Brock Grill, PhD

Associate Professor
Department of Neuroscience
Florida Campus



Scripps Research Joint Appointments

Faculty, Graduate Program

Research Focus

The Grill lab studies candidate intracellular coordinators of neuronal development. By unraveling the mechanisms by which these molecules function, we will gain insight into how neurons integrate and manage numerous signals from their environment to form a neural network. We also hope to identify key molecular functions that can be stimulated to trigger new synapse and axonal growth. Such knowledge has tremendous potential to aid in generating new therapies to treat neurodegenerative diseases, and injury to the central nervous system from stroke.


Education

Ph.D., Experimental Medicine, University of British Columbia, Vancouver, BC, Canada, 2003
B.Sc., Microbiology, University of Alberta, Edmonton, AB, Canada, 1998

Professional Experience

1999 - 2004     Graduate Student, the University of British Columbia, Vancouver,
                       Canada; Thesis Mentor: John Schrader
2004 - 2007     Postdoctoral Fellow, University of California, Santa Cruz; 
                       Mentor: Dr. Yishi Jin HHMI
2007 - 2009     Postdoctoral Fellow, Stanford University, Palo Alto; 
                       Mentor: Dr. Craig Garner
2009 - 2012     Assistant Professor, Department of Pharmacology,
                       University of Minnesota, Minneapolis
2012 - 2014     Assistant Professor, Department of Neuroscience,
                       The Scripps Research Institute – Florida
2014 -             Associate Professor, Department of Neuroscience,
                       Scripps Research – Florida

Awards & Professional Activities

1998                Dean’s Silver Medal in Science, University of Alberta
1999 - 2000     Postgraduate Scholarship National Science and Engineering
                       Research Council (NSERC)
2003                Postgraduate Scholarship, Canadian Institutes of Health Research
                       (CIHR)
2003                Travel Award, Canadian Society for Immunology
2004 - 2007     Post-doctoral Fellowship CIHR
2015                Cutting Edge Basic Research Award (NIDA)





Selected References

Desbois M, Crawley O, Evans PR, Baker ST, Masuho I, Yasuda R, Grill B. PAM forms an atypical SCF ubiquitin ligase complex that ubiquitinates and degrades NMNAT2. J Biol Chem. 2018 Jul 11. pii: jbc.RA118.002176. doi: 10.1074/jbc.RA118.002176. [Epub ahead of print] PubMed PMID: 29997255.

Crawley O, Giles AC, Desbois M, Kashyap S, Birnbaum R, Grill B. A MIG-15/JNK-1 MAP kinase cascade opposes RPM-1 signaling in synapse formation and learning. PLoS Genet. 2017 Dec 11;13(12):e1007095. doi: 10.1371/journal.pgen.1007095. eCollection 2017 Dec. PubMed PMID: 29228003; PubMed Central PMCID: PMC5754208.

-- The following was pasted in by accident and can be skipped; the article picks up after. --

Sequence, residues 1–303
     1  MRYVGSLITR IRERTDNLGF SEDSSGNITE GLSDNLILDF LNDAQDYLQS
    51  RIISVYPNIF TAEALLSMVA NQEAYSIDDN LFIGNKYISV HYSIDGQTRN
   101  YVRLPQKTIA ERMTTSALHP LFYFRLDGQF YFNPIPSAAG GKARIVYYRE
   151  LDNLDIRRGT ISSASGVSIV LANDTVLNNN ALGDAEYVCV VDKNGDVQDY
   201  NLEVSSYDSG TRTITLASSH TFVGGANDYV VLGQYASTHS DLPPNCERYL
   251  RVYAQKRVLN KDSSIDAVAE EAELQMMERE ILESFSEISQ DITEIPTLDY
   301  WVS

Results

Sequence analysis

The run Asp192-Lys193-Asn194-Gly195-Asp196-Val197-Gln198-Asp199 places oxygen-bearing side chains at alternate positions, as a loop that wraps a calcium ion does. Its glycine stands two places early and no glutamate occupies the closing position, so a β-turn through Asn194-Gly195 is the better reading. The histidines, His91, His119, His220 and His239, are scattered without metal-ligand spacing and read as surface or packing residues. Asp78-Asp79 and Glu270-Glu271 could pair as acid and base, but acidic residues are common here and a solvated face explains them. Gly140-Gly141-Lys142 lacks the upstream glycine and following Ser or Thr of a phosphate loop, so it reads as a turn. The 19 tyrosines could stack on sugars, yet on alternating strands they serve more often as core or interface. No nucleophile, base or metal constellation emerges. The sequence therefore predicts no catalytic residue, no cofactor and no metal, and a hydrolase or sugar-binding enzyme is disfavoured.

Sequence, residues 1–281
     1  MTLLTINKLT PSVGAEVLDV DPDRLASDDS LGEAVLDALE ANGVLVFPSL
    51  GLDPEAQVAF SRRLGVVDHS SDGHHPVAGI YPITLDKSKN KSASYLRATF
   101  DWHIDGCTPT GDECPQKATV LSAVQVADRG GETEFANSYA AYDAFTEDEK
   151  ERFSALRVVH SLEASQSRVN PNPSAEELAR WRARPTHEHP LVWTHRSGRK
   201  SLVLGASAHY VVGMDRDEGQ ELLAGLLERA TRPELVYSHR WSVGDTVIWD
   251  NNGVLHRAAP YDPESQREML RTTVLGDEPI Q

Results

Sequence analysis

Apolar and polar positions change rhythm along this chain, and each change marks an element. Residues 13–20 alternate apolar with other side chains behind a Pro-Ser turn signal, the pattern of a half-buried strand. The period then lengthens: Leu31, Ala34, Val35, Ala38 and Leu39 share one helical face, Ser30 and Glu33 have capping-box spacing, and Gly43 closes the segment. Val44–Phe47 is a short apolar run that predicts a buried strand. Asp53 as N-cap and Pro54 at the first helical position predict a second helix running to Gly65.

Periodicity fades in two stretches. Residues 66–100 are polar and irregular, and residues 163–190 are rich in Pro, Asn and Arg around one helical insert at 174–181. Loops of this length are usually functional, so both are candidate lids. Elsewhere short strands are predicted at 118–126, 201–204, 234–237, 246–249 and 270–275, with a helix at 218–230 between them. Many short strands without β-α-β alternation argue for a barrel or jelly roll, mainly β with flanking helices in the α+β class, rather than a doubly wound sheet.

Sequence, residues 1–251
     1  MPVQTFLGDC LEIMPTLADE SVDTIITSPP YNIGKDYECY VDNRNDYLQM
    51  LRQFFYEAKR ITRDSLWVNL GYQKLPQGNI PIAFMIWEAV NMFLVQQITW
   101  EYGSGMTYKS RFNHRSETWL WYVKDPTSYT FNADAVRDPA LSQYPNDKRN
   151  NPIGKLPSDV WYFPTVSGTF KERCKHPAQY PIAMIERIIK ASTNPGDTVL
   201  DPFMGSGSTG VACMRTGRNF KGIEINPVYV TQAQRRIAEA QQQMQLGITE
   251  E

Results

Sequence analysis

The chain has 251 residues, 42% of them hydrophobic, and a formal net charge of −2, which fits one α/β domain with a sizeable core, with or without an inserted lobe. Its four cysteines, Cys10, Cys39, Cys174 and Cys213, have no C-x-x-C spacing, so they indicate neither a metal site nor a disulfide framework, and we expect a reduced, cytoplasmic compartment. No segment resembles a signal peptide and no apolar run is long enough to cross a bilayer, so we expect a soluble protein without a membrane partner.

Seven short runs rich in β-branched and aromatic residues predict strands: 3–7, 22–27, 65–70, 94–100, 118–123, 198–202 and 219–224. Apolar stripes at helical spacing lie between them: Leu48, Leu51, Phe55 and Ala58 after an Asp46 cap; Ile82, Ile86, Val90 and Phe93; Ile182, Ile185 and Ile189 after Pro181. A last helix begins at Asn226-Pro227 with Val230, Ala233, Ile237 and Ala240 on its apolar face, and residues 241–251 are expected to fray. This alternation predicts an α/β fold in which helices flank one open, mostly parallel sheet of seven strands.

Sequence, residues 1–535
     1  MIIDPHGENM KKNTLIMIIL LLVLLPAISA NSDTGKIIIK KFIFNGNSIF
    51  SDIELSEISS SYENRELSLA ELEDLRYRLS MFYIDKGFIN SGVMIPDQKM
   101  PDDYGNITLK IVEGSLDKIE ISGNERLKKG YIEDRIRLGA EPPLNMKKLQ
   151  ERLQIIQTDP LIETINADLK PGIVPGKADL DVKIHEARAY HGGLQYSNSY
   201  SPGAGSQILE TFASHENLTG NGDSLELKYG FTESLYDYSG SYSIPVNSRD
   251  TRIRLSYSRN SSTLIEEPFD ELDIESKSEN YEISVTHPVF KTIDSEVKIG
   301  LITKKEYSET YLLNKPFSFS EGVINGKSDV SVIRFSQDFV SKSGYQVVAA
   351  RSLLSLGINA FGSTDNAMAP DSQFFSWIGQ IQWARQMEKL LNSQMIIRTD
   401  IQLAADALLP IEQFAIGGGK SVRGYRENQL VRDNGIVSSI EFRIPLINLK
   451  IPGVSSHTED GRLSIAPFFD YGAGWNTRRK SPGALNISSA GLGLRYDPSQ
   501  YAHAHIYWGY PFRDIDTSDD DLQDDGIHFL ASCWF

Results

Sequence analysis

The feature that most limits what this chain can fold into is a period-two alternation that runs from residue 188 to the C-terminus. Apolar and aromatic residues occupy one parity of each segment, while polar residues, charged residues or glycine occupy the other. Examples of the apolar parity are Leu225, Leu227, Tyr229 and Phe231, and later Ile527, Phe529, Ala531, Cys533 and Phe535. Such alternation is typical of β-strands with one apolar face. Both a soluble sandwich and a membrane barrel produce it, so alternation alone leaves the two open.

Opperman KJ, Mulcahy B, Giles AC, Risley MG, Birnbaum RL, Tulgren ED, Dawson-Scully K, Zhen M, Grill B. (2017) The HECT Family Ubiquitin Ligase EEL-1 Regulates Neuronal Function and Development.  Cell Rep. 2017 Apr 25:19(4):822-835. doi: 10.1016/j.celrep.2017.04.003.  PMID: 28445732

Borgen MA, Wang D, Grill B. RPM-1 regulates axon termination by affecting growth cone collapse and microtubule stability. Development. 2017 Dec 15;144(24):4658-4672. doi: 10.1242/dev.154187. Epub 2017 Oct 30. PubMed PMID: 29084805; PubMed Central PMCID: PMC5769622. 

Baker, ST, Grill, B (2016) Defining minimal binding regions in Regulator of Presynaptic Morphology 1 (RPM-1) using C. elegans neurons reveals differential signaling complex.  J Bio Chem. 2017 Feb 10;292(6):2519-2530. doi:10.1074/jbc.M116.748004. Epub 2016 Dec 15. Pubmed PMID:27979965; PubMed Central PMCID:PMC5313118. 

Grill B, Murphey RK, Borgen MA (2016) The PHR proteins: intracellular signaling hubs in neuronal development and axon degeneration. Neural Dev. Mar 23;11 (1) ):8. doi: 10.1186/s13064-016-0063-0.  

Giles AC, Opperman KJ, Rankin CH, Grill B (2015) Developmental Function of the PHR Protein RPM-1 Is Required for Learning in Caenorhabditis elegans. G3 (Bethesda). 2015 Oct 13;5(12):2745-57. doi: 10.1534/g3.115.021410. 

Baker S, Turgeon S, Tulgren E, Wigant J, Rahimi O, Opperman K and Grill B. (2015) Neuronal development in Caenorhabditis elegans is regulated by inhibition of an MLK MAP kinase pathway. Genetics 199:151-156.

Sharma J, Baker S, Turgeon S, Gurney A, Opperman K, Grill B. (2014) Identification of a peptide inhibitor of the RPM-1/FSN-1 ubiquitin ligase complex.  Journal of Biological Chemistry 289:34654-34666.

Baker ST, Opperman KJ, Tulgren ED, Turgeon SM, Bienvenut W, Grill B. RPM-1 uses both ubiquitin ligase and phosphatase-based mechanisms to regulate DLK-1 during neuronal development. PLoS Genet. 2014 May 8;10(5):e1004297. doi: 10.1371/journal.pgen.1004297. eCollection 2014 May. PubMed PMID: 24810406; PubMed Central PMCID: PMC4014440.  

Tulgren E, Turgeon S, Opperman K, and Grill B. (2014) The Nesprin family member ANC-1 regulates synapse formation and axon termination by functioning in a signaling pathway with RPM-1 and beta-Catenin. PLoS Genetics e1004481. doi: 10.1371/journal.pgen.1004481.

Opperman KJ, and Grill B. (2014). RPM-1 is localized to distinct subcellular compartments and regulates axon length in GABAergic motor neurons. Neural Development doi: 10.1186/1749-8104-9-10.

Tulgren ED, Baker ST, Rapp L, Gurney AM, Grill B. (2011). PPM-1, a PP2C alpha/beta phosphatase, regulates axon termination and synapse formation in Caenohabditis elegansGenetics 189:1297-1307.

 


Links

Department of Neuroscience